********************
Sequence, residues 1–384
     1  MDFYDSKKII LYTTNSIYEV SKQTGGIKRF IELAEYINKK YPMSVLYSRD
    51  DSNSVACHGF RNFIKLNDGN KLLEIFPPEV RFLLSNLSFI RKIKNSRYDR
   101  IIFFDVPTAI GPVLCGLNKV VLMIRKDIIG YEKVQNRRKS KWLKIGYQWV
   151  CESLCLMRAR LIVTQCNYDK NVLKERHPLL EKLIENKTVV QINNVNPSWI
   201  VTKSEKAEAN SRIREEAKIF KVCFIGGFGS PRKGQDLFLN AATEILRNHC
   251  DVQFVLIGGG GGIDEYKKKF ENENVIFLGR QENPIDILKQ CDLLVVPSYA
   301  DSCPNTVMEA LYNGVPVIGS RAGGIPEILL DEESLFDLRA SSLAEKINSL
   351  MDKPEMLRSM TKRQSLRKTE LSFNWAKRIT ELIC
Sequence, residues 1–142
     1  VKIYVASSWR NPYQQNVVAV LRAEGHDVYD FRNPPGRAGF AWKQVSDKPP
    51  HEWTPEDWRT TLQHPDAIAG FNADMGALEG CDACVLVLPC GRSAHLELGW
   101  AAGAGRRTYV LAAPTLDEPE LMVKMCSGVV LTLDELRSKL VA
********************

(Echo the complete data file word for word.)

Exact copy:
Sequence, residues 1–384
     1  MDFYDSKKII LYTTNSIYEV SKQTGGIKRF IELAEYINKK YPMSVLYSRD
    51  DSNSVACHGF RNFIKLNDGN KLLEIFPPEV RFLLSNLSFI RKIKNSRYDR
   101  IIFFDVPTAI GPVLCGLNKV VLMIRKDIIG YEKVQNRRKS KWLKIGYQWV
   151  CESLCLMRAR LIVTQCNYDK NVLKERHPLL EKLIENKTVV QINNVNPSWI
   201  VTKSEKAEAN SRIREEAKIF KVCFIGGFGS PRKGQDLFLN AATEILRNHC
   251  DVQFVLIGGG GGIDEYKKKF ENENVIFLGR QENPIDILKQ CDLLVVPSYA
   301  DSCPNTVMEA LYNGVPVIGS RAGGIPEILL DEESLFDLRA SSLAEKINSL
   351  MDKPEMLRSM TKRQSLRKTE LSFNWAKRIT ELIC
Sequence, residues 1–142
     1  VKIYVASSWR NPYQQNVVAV LRAEGHDVYD FRNPPGRAGF AWKQVSDKPP
    51  HEWTPEDWRT TLQHPDAIAG FNADMGALEG CDACVLVLPC GRSAHLELGW
   101  AAGAGRRTYV LAAPTLDEPE LMVKMCSGVV LTLDELRSKL VA